Changnienia amoena, A Rare And Endemic Orchid In China


The orchid that we’re going to introduce today is called Changnienia amoena,it has only one flower, only one leaf,and also is the only species in the genus Changnienia. The orchid is an endemic plant in China. Although it is widely distributed in China,and can be seen from the eastern part of China to the eastern part of the Qinghai-Tibet Plateau,and from the southern part of the Qinling Mountains to the northern part of the Nanling Mountains. But their population is very rare and scattered, it is not easy to get a glimpse of it in the wild. In order to protect the wild population,Changnienia amoena is designated as the national second-class protected plant by the government.
Changnienia amoena prefers to grow on the soil with abundant humus under the sparse forest with abundant rainfall and humidity or in the shady place along the valley, the soil is acidic, from 400m (east China) to 1800 m (west Sichuan) above sea level. Its type specimen was collected from Jiangsu Province. The life habit of single flower orchid is quite special, similar to Lycoris, but the flowering time of the two are different. In the middle and late September of each year, the underground pseudobulb begins to sprout and spread its leaf after half a year dormancy . The leaf is broadly elliptic, about half palm size, and the abaxial surface of the leaf is purple.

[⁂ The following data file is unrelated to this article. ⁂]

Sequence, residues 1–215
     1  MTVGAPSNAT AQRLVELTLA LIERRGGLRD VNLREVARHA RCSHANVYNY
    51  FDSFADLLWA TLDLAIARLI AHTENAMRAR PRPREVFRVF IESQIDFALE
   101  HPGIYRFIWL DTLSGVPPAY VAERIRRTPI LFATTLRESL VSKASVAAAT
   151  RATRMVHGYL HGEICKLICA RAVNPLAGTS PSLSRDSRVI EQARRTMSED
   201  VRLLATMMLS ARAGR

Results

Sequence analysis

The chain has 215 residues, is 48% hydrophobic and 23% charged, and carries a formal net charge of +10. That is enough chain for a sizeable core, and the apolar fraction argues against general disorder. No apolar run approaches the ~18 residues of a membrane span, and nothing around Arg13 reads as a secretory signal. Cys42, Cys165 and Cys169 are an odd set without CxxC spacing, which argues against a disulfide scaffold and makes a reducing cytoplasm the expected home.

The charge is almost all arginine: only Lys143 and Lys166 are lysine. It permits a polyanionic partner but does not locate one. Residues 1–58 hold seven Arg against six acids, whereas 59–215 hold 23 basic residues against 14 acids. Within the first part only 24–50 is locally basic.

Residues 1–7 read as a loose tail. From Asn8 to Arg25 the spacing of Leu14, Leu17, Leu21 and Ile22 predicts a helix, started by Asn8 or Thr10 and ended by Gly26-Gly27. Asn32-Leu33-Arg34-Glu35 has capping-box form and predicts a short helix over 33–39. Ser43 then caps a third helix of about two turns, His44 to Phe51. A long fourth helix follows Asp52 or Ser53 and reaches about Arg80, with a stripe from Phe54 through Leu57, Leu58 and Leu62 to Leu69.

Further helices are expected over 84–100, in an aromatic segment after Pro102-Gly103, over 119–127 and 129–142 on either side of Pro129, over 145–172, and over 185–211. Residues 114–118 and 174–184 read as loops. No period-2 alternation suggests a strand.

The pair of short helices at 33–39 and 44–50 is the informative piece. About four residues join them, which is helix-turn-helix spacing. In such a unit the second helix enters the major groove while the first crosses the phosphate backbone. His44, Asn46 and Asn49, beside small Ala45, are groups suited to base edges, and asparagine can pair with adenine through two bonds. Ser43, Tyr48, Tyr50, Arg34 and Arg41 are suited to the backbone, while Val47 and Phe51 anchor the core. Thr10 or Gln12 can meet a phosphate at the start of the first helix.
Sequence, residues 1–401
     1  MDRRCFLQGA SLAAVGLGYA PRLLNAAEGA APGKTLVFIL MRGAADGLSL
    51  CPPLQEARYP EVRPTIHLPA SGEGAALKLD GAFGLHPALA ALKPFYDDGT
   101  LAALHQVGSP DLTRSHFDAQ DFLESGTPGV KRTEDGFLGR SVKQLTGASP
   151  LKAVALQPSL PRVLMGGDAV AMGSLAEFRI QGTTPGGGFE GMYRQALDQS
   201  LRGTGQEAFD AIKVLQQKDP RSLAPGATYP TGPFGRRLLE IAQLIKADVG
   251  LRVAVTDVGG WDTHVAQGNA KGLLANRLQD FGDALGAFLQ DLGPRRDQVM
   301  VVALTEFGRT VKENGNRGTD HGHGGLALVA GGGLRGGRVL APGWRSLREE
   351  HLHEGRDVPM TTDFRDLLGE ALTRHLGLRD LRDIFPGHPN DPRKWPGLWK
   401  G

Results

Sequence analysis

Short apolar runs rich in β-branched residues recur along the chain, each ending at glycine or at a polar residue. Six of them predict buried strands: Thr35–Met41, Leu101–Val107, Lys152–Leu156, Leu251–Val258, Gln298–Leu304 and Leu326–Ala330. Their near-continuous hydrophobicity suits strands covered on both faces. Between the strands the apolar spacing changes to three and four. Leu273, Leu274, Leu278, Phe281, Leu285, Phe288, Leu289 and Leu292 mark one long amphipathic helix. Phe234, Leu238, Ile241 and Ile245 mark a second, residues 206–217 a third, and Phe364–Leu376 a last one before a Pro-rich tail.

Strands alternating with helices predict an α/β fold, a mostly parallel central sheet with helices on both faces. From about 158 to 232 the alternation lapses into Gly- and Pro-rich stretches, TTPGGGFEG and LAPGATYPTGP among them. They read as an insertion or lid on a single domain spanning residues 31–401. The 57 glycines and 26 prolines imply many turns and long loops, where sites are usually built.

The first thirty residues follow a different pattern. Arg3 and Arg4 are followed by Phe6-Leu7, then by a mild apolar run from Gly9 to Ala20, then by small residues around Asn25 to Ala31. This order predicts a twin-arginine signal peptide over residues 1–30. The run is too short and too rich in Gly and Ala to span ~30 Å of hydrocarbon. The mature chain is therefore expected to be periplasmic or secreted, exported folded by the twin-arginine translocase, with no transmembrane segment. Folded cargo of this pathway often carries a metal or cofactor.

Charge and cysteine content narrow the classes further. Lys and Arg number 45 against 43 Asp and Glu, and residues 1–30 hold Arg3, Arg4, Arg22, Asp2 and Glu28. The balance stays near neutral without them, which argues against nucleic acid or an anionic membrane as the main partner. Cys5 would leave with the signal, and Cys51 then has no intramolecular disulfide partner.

In the middle and late January, the scape sprouts from the underground pseudobulb, but then it would get into dormancy in the cold winter until the beginning of the following March and early April, when snow melts, the scape continues to grow and bloom, the diameter of the flower is about 3-4 cm. The flower is white with fleshy red or lilac halo,and with purple spots on the lip. With the rise of the temperature, the leaf gradually withers in the first ten days of May, and the pseudobulb will begin to grow up till the middle and late September. So far, Changnienia amoena has completed a life cycle. If the flower is pollinated successfully in spring, they will bear fruit, and the fruit will be ripe in late October to early January.


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